These sensations transform from gross to subtle as your practice deepens and you grasp the principle. With practice you are able to access deep layers of your psychosomatic experience discovering "resistance", "excess", "depletion" and "stagnation". You learn to focus attention on these experiences and conditions to actively release/transform them. The mental component is very important since Song is both physical and mental and like all things in Tai Ji and Qi Gong bringing the body and mind into a unison is key to your developing Taiji as a Quan and as a Qi Gong.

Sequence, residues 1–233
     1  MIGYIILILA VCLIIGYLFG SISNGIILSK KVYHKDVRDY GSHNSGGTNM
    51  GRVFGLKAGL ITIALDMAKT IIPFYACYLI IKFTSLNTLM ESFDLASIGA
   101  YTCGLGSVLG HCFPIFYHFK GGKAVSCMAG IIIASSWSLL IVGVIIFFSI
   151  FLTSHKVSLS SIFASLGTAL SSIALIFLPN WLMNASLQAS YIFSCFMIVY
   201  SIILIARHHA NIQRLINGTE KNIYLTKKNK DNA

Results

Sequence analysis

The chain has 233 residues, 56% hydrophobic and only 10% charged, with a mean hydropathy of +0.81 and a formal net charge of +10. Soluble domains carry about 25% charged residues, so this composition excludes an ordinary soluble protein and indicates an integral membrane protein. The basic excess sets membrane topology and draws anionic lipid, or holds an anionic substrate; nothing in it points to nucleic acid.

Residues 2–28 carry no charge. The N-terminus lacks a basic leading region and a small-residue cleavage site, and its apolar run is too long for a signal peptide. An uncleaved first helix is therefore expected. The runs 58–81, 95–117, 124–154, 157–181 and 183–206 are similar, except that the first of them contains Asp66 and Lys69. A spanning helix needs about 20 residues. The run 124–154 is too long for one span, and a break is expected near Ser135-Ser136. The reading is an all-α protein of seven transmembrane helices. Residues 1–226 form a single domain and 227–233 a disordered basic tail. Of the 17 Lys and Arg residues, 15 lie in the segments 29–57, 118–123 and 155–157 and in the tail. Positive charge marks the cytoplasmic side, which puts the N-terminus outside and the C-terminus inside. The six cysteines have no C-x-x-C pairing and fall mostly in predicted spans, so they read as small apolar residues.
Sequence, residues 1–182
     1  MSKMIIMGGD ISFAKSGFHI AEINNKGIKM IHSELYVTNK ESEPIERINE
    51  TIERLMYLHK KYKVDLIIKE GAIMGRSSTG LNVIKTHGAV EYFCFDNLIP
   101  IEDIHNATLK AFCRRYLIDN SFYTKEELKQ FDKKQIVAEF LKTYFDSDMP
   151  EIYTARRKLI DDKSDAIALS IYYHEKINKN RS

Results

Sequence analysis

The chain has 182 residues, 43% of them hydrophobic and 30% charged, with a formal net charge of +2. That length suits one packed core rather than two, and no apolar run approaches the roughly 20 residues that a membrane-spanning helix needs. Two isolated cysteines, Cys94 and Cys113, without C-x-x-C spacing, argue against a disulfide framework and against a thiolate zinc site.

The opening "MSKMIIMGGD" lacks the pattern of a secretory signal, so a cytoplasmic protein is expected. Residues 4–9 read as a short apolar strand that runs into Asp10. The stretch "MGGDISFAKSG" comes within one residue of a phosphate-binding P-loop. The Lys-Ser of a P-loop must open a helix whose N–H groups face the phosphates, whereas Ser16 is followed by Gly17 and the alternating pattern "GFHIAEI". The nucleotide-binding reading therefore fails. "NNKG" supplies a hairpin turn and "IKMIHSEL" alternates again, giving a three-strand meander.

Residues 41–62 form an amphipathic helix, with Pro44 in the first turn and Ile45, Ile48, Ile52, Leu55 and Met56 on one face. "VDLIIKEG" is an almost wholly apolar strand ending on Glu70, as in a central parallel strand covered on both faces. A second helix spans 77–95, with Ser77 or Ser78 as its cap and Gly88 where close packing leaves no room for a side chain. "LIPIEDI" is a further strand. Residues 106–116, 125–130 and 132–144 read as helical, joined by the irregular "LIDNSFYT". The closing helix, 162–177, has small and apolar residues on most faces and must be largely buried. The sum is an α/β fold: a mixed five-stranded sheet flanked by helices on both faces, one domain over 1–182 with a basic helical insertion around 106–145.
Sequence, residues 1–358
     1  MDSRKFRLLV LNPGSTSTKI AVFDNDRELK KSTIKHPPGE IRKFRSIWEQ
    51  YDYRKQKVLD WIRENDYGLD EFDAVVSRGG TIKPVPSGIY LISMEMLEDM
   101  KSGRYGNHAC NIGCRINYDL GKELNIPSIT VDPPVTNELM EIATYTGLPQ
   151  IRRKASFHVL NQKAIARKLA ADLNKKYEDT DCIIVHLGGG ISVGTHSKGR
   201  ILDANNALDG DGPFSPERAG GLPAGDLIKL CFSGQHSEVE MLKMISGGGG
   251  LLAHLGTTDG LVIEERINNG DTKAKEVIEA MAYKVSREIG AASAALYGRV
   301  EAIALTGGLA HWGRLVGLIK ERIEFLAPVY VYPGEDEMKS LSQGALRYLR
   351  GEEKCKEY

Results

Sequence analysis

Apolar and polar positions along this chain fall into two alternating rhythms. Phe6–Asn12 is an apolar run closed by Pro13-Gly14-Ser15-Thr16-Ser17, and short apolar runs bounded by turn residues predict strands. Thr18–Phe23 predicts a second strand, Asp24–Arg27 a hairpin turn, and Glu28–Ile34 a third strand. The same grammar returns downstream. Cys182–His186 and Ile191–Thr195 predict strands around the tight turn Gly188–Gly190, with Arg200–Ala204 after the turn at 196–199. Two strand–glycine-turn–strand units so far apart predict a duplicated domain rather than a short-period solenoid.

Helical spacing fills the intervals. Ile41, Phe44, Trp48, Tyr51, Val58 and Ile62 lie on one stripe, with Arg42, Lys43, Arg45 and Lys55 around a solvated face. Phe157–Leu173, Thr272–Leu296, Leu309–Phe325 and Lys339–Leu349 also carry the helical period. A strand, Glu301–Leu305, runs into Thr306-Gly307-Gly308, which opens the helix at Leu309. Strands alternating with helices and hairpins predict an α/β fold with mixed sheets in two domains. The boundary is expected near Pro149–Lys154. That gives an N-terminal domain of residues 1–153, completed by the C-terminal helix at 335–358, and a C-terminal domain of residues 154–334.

Finally, although you will be able to achieve a sensation you can call Song, maintaining it in our practice and in an ordinary life is very difficult. Like Chinese language, it is both hard to learn and easy to forget. Managing the state of Song in practice and making it your daily habit is key to your success in the maintenance of good practice. However, and as you might imagine, learning how to apply Song and develop it to a higher level especially as a characteristic of Tai Ji as a martial art is another level.